Chris Fletcher is a 2005 Macalester alum from Sante Fe, New Mexico who majored in International Studies and participated in the Lilly Project on many levels. He served on the Advisory Board for three years and, like book ends, participated in the Lives of Commitment Program as a first year and the Senior Leadership Conference before graduating. He took three Lilly classes, which included Work, Ethics, and Vocation, Work and Ethics Across Traditions, and an English course called simply Justice. Below Chris reflects on his journey with the Lilly Project.
“I have always been a strong advocate of community service in general, and what is termed service learning, in particular. The latter I believe is more beneficial than the former because it has the added component of reflection. That is to say, it forces those doing the service to think and reflect upon that service and ask questions about it such as: 'Why am I doing this?; Whom am I affecting (helping)?; Am I being effective?; How does this service fit into the larger picture of my life, etc.? The Lilly Project was a fantastic part of my Macalester education because it not only served as a vehicle for reflection, it also facilitated it.
"While I was going to Macalester I was very busy and always felt like I was running, hardly having time to breathe. The Lilly Project was one the very few things which allowed me to slow down, and take time to look/question/analyze/critique the reasons I was at Macalester, studying what I was, and it also tied my studies/co-curricular, to my future line of work. Moreover, it generated many discussions around the issue of ethics and vocation, two areas traditionally thought of as stemming from religion. As a non-religious person, however, I eagerly entered these discussions with a particular interest in trying to locate the origin of my ethics as a non-religious person. Although, I still have unanswered questions in this arena, Lilly was indeed able to provide some clarity. More than anything else, however, these discussions demonstrated that doing good—ethical—work is not limited to those who have a religious underpinning in their lives, but rather can be practiced by all those who share the desire to help repair the world irrespective of their religious tendencies. In other words, there was room for all.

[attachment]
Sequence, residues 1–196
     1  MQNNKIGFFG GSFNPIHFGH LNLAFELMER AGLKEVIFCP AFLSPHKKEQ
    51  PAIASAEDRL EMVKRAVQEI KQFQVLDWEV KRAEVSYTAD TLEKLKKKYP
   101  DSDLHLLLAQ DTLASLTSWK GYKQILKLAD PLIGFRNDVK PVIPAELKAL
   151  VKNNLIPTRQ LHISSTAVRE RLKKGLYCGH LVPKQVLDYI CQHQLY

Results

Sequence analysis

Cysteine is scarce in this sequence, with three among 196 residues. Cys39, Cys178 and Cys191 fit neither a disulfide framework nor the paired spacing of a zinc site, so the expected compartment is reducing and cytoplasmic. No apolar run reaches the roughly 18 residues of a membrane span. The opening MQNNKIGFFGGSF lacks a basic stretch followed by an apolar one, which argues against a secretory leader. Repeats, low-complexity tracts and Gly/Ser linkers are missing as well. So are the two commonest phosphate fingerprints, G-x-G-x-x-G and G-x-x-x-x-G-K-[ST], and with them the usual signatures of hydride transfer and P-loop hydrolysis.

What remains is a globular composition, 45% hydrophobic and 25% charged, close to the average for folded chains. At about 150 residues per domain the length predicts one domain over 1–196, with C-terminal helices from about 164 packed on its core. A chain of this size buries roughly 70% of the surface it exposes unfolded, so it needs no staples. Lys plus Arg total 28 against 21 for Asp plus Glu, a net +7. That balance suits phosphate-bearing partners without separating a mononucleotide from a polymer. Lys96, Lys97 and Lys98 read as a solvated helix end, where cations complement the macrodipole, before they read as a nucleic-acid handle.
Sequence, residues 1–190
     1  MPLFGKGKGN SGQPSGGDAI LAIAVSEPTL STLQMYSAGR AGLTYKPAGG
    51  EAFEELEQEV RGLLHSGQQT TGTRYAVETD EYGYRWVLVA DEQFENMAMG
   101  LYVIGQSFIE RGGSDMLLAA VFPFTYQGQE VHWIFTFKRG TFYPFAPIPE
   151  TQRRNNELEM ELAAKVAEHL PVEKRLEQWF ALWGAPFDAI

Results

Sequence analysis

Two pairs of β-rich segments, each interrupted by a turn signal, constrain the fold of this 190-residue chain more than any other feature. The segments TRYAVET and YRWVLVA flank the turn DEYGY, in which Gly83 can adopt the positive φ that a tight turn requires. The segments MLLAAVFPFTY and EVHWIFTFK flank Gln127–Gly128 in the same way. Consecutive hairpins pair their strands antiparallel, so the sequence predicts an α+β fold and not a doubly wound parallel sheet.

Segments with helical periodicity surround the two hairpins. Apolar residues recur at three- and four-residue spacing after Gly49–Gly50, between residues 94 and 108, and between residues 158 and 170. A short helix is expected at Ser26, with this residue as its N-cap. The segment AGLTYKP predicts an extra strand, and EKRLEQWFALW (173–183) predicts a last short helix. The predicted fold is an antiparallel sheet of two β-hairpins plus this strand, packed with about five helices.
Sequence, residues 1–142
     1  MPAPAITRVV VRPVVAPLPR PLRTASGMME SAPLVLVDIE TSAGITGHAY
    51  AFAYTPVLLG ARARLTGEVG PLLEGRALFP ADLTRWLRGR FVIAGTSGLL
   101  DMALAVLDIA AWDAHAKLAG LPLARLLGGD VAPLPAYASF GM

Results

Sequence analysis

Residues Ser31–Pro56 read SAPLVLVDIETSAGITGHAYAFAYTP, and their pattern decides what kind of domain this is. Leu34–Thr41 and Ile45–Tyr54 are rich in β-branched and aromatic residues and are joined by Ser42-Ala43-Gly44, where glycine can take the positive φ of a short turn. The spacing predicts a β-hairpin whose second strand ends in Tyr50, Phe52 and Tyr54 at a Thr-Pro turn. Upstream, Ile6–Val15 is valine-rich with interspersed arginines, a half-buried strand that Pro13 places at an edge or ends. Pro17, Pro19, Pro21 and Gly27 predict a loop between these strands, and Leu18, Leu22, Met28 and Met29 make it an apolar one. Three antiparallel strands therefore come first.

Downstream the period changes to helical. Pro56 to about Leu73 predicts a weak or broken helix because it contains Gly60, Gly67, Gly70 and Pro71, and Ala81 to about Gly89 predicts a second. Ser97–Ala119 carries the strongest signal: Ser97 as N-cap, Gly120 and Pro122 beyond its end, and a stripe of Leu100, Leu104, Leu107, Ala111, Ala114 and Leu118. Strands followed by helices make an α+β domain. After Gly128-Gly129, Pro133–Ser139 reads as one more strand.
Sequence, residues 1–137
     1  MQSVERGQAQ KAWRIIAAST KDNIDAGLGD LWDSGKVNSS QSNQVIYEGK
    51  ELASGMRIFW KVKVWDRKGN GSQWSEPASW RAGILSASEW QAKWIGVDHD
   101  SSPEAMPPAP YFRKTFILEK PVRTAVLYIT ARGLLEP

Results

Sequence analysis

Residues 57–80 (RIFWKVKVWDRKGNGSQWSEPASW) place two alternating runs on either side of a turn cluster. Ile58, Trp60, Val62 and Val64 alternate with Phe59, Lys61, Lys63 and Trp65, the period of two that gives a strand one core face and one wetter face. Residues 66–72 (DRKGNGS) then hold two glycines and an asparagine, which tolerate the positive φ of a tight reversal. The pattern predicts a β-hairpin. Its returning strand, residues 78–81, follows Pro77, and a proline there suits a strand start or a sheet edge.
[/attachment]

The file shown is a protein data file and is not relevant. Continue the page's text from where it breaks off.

"The Lilly Project certainly shaped my future and contributed to my vision of what I want to do with my life. I have always felt a strong desire to battle against injustice but never knew exactly how I wanted to/should approach that. Throughout my time at Macalester I worked extensively with the Tibetan community in Minnesota. My first involvement with them came from Lives of Commitment [a Lilly first year program where students work weekly with immigrants and refugee and reflect on what it means to live a life of commitment]. This lead to subsequent involvement with the Tibetan community through the Philips Scholarship, a Watson Fellowship [following college], and now my current job at the International Campaign for Tibet [in Washington DC]. In this sense—in a very real and concrete way—I was able to link my ethical commitment of wanting to help root out injustice, with my work: thus meshing desire/passion and work into one. The Lilly Project helped to reinforce, clarify, and channel my desire of wanting to do good work.”